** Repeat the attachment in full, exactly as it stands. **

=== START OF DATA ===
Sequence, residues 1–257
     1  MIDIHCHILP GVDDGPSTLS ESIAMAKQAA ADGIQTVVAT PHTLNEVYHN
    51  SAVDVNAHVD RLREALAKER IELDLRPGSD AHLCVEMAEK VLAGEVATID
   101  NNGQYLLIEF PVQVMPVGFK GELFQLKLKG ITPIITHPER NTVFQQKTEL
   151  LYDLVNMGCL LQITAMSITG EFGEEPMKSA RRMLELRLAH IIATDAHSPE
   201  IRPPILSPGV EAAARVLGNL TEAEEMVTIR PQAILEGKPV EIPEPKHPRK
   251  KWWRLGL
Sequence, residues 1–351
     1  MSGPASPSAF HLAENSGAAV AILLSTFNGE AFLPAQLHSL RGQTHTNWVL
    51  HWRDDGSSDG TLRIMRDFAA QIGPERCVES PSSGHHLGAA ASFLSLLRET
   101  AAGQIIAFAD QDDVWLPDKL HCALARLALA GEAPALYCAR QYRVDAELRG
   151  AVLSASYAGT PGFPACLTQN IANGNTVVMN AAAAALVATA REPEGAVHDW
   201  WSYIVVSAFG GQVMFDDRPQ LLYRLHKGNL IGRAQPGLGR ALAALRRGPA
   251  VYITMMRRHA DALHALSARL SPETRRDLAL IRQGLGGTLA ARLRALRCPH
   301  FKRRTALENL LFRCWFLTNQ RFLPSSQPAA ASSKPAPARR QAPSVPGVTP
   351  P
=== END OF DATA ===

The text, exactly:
Sequence, residues 1–257
     1  MIDIHCHILP GVDDGPSTLS ESIAMAKQAA ADGIQTVVAT PHTLNEVYHN
    51  SAVDVNAHVD RLREALAKER IELDLRPGSD AHLCVEMAEK VLAGEVATID
   101  NNGQYLLIEF PVQVMPVGFK GELFQLKLKG ITPIITHPER NTVFQQKTEL
   151  LYDLVNMGCL LQITAMSITG EFGEEPMKSA RRMLELRLAH IIATDAHSPE
   201  IRPPILSPGV EAAARVLGNL TEAEEMVTIR PQAILEGKPV EIPEPKHPRK
   251  KWWRLGL
Sequence, residues 1–351
     1  MSGPASPSAF HLAENSGAAV AILLSTFNGE AFLPAQLHSL RGQTHTNWVL
    51  HWRDDGSSDG TLRIMRDFAA QIGPERCVES PSSGHHLGAA ASFLSLLRET
   101  AAGQIIAFAD QDDVWLPDKL HCALARLALA GEAPALYCAR QYRVDAELRG
   151  AVLSASYAGT PGFPACLTQN IANGNTVVMN AAAAALVATA REPEGAVHDW
   201  WSYIVVSAFG GQVMFDDRPQ LLYRLHKGNL IGRAQPGLGR ALAALRRGPA
   251  VYITMMRRHA DALHALSARL SPETRRDLAL IRQGLGGTLA ARLRALRCPH
   301  FKRRTALENL LFRCWFLTNQ RFLPSSQPAA ASSKPAPARR QAPSVPGVTP
   351  P